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Rapamycin May Slow Skin Aging, Drexel Study Reports

Hand treated with rapymycin alongside placebo untreated hand

Philadelphia

November 25, 2019

The search for youthfulness typically turns to lotions, supplements, serums and diets, but there may soon be a new option joining the fray. Rapamycin, a FDA-approved drug normally used to prevent organ rejection after transplant surgery, may also slow aging in human skin, according to a study from Drexel University College of Medicine researchers published in Geroscience.

Basic science studies have previously used the drug to slow aging in mice, flies, and worms, but the current study is the first to show an effect on aging in human tissue, specifically skin – in which signs of aging were reduced. Changes include decreases in wrinkles, reduced sagging and more even skin tone -- when delivered topically to humans.

“As researchers continue to seek out the elusive ‘fountain of youth’ and ways to live longer, we’re seeing growing potential for use of this drug,” said senior author Christian Sell, PhD, an associate professor of Biochemistry and Molecular Biology at the College of Medicine. “So, we said, let’s try skin. It’s a complex organism with immune, nerve cells, stem cells – you can learn a lot about the biology of a drug and the aging process by looking at skin.”

In the current Drexel-led study, 13 participants over age 40 applied rapamycin cream every 1-2 days to one hand and a placebo to the other hand for eight months. The researchers checked on subjects after two, four, six and eight months, including conducting a blood test and a biopsy at the six- or eight-month mark.

After eight months, the majority of the rapamycin hands showed increases in collagen protein, and statistically significant lower levels of p16 protein, a key marker of skin cell aging. Skin that has lower levels of p16 has fewer senescent cells, which are associated with skin wrinkles. Beyond cosmetic effects, higher levels of p16 can lead to dermal atrophy, a common condition in seniors, which is associated with fragile skin that tears easily, slow healing after cuts and increased risk of infection or complications after an injury.

So how does rapamycin work? Rapamycin blocks the appropriately named “target of rapamycin” (TOR), a protein that acts as a mediator in metabolism, growth and aging of human cells. The capability for rapamycin to improve human health beyond outward appearance is further illuminated when looking deeper at p16 protein, which is a stress response that human cells undergo when damaged, but is also a way of preventing cancer. When cells have a mutation that would have otherwise created a tumor, this response helps prevent the tumor by slowing the cell cycle process. Instead of creating a tumor, it contributes to the aging process.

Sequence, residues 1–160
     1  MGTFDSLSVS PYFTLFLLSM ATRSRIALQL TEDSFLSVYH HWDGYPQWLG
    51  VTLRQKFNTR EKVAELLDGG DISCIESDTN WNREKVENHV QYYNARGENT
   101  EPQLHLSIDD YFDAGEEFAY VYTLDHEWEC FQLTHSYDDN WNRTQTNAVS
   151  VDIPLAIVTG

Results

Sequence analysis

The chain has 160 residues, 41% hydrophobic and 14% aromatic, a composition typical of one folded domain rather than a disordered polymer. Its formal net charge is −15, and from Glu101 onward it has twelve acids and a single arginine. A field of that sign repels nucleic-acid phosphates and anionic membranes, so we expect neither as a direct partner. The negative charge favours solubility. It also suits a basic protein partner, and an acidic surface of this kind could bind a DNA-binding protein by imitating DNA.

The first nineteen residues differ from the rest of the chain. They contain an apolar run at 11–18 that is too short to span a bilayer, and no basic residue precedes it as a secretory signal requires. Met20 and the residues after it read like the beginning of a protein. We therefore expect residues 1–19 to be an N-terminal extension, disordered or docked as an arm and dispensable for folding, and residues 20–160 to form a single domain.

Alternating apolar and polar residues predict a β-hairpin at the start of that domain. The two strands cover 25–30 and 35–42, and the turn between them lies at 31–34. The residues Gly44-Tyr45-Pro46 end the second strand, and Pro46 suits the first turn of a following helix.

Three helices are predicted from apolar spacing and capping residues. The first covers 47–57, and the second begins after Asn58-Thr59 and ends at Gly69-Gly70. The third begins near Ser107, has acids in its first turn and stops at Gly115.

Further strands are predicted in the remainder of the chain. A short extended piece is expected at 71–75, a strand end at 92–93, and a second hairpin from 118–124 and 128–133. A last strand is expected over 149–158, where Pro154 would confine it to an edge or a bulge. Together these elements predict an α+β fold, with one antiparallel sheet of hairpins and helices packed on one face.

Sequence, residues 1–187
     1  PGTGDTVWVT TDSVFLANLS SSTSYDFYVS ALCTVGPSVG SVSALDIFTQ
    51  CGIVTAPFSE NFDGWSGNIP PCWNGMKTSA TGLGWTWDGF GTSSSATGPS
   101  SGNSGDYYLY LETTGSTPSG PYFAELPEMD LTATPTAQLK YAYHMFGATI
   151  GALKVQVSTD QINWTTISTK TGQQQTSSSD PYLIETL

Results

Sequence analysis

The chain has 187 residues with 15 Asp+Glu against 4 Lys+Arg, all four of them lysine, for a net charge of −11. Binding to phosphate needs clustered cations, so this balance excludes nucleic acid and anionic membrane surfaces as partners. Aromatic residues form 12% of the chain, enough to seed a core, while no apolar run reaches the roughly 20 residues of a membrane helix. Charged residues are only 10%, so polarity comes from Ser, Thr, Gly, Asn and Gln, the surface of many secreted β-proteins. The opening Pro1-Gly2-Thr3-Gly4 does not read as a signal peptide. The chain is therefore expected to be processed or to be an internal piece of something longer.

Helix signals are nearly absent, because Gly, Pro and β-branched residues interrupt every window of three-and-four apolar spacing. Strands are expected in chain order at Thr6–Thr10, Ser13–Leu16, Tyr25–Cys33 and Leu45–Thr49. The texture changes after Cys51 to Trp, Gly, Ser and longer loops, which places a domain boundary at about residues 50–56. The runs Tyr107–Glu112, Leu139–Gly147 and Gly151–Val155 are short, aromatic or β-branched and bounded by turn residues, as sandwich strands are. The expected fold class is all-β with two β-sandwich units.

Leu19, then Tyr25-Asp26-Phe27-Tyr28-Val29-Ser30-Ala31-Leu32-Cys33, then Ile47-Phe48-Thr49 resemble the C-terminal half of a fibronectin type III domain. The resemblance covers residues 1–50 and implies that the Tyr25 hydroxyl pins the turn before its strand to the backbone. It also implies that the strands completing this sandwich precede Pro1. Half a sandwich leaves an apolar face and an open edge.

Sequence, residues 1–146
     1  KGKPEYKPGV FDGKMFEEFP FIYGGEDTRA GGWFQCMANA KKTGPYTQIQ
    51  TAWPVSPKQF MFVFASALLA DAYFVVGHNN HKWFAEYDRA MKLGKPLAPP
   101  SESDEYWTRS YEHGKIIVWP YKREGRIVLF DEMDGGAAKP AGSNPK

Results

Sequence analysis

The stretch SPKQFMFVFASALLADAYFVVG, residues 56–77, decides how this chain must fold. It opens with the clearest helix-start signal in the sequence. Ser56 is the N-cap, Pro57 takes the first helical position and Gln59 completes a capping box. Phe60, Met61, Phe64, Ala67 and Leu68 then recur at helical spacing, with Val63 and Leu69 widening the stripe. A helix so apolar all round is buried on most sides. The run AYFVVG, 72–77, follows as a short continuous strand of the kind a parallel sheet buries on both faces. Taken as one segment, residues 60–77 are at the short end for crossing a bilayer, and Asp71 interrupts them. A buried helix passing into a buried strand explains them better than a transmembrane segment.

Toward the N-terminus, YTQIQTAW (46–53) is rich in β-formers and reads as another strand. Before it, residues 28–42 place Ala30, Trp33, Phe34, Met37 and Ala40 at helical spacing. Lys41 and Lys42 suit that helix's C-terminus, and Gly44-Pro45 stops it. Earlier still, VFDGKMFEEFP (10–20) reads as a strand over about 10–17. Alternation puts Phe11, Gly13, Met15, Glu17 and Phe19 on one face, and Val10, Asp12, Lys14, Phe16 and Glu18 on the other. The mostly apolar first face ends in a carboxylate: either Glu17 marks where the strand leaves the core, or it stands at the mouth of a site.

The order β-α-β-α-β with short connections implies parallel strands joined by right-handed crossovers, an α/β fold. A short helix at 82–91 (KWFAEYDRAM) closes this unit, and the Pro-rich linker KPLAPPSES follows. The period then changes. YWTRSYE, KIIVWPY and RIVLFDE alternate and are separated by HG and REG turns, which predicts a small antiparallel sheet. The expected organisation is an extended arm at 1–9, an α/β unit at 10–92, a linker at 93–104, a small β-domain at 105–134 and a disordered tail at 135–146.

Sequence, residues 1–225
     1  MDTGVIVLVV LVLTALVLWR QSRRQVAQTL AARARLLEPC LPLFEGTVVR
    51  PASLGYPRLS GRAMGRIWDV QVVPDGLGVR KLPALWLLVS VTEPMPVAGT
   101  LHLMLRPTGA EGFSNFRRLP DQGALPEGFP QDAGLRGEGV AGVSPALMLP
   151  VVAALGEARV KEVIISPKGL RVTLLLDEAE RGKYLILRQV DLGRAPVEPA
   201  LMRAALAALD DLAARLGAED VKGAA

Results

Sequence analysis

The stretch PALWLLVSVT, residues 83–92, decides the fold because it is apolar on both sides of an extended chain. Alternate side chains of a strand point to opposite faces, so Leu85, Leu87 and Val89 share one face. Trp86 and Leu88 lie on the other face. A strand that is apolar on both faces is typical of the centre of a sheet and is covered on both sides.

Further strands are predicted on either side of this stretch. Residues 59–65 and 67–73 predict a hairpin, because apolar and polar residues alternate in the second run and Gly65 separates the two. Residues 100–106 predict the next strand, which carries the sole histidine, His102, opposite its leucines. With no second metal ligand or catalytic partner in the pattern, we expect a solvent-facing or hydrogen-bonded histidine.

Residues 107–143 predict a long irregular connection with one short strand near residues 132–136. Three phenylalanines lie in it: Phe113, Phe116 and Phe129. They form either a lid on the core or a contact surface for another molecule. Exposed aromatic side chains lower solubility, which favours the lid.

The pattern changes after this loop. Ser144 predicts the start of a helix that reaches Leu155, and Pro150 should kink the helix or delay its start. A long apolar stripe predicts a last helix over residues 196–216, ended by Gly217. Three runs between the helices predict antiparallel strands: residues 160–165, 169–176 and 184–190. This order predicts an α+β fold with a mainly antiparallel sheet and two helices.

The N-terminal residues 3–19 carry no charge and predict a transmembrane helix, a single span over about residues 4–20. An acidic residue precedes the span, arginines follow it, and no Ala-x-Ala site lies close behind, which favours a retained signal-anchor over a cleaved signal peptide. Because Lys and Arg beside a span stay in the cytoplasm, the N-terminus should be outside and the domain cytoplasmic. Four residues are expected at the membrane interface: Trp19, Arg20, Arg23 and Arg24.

“When cells age, they become detrimental and create inflammation,” said Sell. “That’s part of aging. These cells that have undergone stress are now pumping out inflammatory markers.”

In addition to its current use to prevent organ rejection, rapamycin is currently prescribed (in higher doses than used in the current study) for the rare lung disease lymphangioleiomyomatosis, and as an anti-cancer drug. The current Drexel study shows a second life for the drug in low doses, including new applications for studying rapamycin to increase human lifespan or improve human performance.

Rapamycin -- first discovered in the 1970s in bacteria found in the soil of Easter Island – also reduces stress in the cell by attacking cancer-causing free radicals in the mitochondria.

In previous studies, the team used rapamycin in cell cultures, which reportedly improved cell function and slowed aging.

In 1996, a study in Cell of yeast cultures which used rapamycin to block TOR proteins in yeast, made the yeast cells smaller, but increased their lifespan.

“If you ramp the pathway down you get a smaller phenotype,” said Sell. “When you slow growth, you seem to extend lifespan and help the body repair itself – at least in mice. This is similar to what is seen in calorie restriction.”

The researchers note that, as this is early research, many more questions remain about how to harness this drug. Future studies will look at how to apply the drug in clinical settings, and find applications in other diseases. During the current study, the researchers confirmed that none of the rapamycin was absorbed in the bloodstream of participants.

There are two pending patents on this technology, both of which have been licensed to Boinca Therapeutics LLC., of which Sell, Ibiyonu Lawrence, MD, an associate professor of Internal Medicine in the College of Medicine, are shareholders.

In addition to Sell and Lawrence, additional authors on the research are Christina Lee Chung, MD, Melissa Hoffman, Dareen Elgindi, Kumar Nadhan, MD, Manali Potnis, Catlin Sershon, Annie Lee, and Rhonda Binnebose, who contributed to the research while at Drexel, and Antonello Lorenzini, PhD, from the University of Bologna (Italy).